Thanks Dantodd for the explanation. If you would like a little more information on diacetyl, you might go to http://brewingtechniques.com/library/backissue1.2/fix.html.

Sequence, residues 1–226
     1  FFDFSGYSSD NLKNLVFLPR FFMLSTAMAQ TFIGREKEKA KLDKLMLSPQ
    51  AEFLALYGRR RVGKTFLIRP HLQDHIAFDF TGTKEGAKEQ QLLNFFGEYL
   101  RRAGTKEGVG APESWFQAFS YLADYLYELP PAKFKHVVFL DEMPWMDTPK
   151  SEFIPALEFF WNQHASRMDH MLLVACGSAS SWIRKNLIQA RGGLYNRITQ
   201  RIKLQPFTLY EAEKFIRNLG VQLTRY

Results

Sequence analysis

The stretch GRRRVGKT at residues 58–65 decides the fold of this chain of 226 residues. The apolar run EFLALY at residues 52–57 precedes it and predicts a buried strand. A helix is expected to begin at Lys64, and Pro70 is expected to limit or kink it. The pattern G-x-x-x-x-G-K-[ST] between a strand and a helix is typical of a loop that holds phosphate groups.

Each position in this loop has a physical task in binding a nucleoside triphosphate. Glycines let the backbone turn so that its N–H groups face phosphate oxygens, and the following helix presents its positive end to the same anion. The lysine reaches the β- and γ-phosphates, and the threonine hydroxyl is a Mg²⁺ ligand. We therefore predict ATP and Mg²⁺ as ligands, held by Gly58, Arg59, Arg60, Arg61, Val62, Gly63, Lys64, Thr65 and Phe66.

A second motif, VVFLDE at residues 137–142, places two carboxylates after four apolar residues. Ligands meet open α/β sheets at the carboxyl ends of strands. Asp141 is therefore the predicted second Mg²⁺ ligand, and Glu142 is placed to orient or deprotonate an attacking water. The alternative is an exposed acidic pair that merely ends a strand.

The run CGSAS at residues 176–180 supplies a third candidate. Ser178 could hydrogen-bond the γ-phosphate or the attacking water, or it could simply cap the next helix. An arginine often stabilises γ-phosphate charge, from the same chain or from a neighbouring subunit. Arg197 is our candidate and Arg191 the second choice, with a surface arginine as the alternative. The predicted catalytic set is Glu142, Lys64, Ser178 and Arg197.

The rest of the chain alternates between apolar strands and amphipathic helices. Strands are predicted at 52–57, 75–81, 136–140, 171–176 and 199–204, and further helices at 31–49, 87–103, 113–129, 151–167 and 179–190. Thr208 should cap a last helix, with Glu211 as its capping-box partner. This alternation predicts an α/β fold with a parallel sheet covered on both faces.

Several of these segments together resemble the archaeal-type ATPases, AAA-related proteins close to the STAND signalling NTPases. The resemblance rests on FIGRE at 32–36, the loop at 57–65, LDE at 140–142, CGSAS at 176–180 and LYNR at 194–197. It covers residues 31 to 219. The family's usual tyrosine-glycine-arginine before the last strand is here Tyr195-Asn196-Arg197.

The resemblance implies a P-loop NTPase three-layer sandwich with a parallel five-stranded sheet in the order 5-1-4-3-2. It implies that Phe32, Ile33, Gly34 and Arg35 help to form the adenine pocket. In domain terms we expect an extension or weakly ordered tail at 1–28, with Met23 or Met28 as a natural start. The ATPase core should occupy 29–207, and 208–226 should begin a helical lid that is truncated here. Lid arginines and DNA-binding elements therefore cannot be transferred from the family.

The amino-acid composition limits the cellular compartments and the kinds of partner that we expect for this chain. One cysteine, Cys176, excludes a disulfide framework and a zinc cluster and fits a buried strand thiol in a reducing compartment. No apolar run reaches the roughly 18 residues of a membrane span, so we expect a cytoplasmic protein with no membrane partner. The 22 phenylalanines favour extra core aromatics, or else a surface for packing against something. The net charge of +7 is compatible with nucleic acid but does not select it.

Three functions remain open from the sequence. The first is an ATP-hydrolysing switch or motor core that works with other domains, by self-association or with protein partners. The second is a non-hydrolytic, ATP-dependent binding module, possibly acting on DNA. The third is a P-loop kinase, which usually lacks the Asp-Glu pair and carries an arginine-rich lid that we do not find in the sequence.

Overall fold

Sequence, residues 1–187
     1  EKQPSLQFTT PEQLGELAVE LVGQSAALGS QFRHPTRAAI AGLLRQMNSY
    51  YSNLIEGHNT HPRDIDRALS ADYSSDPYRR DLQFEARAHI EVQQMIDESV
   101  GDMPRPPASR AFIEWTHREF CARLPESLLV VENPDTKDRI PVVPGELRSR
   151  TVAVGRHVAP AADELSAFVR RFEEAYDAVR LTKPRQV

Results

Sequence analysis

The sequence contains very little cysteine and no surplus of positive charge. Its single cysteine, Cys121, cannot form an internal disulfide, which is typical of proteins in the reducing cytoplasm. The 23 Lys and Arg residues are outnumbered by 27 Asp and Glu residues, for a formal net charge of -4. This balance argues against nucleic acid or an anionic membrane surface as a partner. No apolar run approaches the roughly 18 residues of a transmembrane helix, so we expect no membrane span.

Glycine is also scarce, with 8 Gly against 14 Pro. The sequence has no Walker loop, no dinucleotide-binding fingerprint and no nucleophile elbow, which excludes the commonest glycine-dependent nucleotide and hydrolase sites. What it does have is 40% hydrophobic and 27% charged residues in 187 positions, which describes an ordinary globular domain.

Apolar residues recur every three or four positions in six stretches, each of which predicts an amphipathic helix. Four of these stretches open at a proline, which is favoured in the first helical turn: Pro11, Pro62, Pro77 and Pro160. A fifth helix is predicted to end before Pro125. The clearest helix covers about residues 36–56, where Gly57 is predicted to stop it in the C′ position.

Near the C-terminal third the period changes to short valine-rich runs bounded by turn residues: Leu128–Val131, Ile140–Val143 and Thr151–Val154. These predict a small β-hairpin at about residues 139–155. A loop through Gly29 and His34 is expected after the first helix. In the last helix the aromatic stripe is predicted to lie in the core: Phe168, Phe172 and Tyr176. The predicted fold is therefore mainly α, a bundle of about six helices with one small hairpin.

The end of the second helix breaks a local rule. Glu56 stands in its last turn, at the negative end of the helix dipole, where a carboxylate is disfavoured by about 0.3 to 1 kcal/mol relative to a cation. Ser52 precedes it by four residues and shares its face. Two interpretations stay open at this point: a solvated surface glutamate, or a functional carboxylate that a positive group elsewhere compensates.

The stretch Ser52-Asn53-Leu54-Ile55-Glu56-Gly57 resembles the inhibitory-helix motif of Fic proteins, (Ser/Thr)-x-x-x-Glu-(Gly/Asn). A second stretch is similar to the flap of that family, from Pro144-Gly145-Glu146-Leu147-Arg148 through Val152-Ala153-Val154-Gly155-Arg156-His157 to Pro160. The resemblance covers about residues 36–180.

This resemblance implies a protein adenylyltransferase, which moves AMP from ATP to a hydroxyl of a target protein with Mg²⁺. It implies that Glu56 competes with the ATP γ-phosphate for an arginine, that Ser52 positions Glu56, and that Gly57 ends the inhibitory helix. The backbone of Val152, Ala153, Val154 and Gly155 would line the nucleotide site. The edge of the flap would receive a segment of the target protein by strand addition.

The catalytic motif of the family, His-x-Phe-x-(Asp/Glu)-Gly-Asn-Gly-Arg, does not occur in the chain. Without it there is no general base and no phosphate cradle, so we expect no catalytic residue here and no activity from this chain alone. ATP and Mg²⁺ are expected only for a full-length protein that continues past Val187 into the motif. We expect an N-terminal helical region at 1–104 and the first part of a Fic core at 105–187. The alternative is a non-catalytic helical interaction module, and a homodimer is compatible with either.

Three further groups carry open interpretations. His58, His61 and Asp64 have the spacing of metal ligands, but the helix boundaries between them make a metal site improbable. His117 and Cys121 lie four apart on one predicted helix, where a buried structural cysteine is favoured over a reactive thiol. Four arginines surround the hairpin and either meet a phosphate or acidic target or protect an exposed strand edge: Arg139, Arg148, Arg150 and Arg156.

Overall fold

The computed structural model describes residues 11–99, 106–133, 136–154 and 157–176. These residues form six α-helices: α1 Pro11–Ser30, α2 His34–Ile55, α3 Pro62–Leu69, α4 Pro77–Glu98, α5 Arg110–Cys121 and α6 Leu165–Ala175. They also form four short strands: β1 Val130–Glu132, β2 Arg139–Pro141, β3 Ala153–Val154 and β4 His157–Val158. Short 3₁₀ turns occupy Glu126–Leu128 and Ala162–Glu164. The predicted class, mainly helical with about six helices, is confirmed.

The temperature will have an effect on the rate of metabolism of the yeast and thus the rate of diacetyl formation, but fermenting at cooler temperatures will not inhibit the formation of diacetyl. Lager yeast will still make plenty of diacetyl at their optimum fermentation temperatures (50 -55 F). So, even if you start your fermentation at say 50 F, the fermenting beer will have high diacetyl levels during primary fermentation. Once the yeast have utilized most of the mono, di, and triose sugars, they will begin metabolizing the diacetyl and thus reducing the levels. Breweries do a diacetyl rest (warm the fermentation for a short time) to speed the assimilation of the diacetyl by the yeast so they can package and sell the beer sooner. If you are not in a hurry, you can let the beer sit at fermentation temperatures (50 -55 F) longer and the yeast will continue to lower the diacetyl levels below flavor threshold. Because diacetyl will be made in abundance anyway during primary fermentation, I am not convinced DiegoPro needs to go to great lengths to cool his wort to 55 F initially because of diacetyl. If he gets it to say 70 F, pitches his yeast and then places it at 55 F, he should not have a problem with diacetyl if he either ferments for sufficinet time or does a diacetyl rest.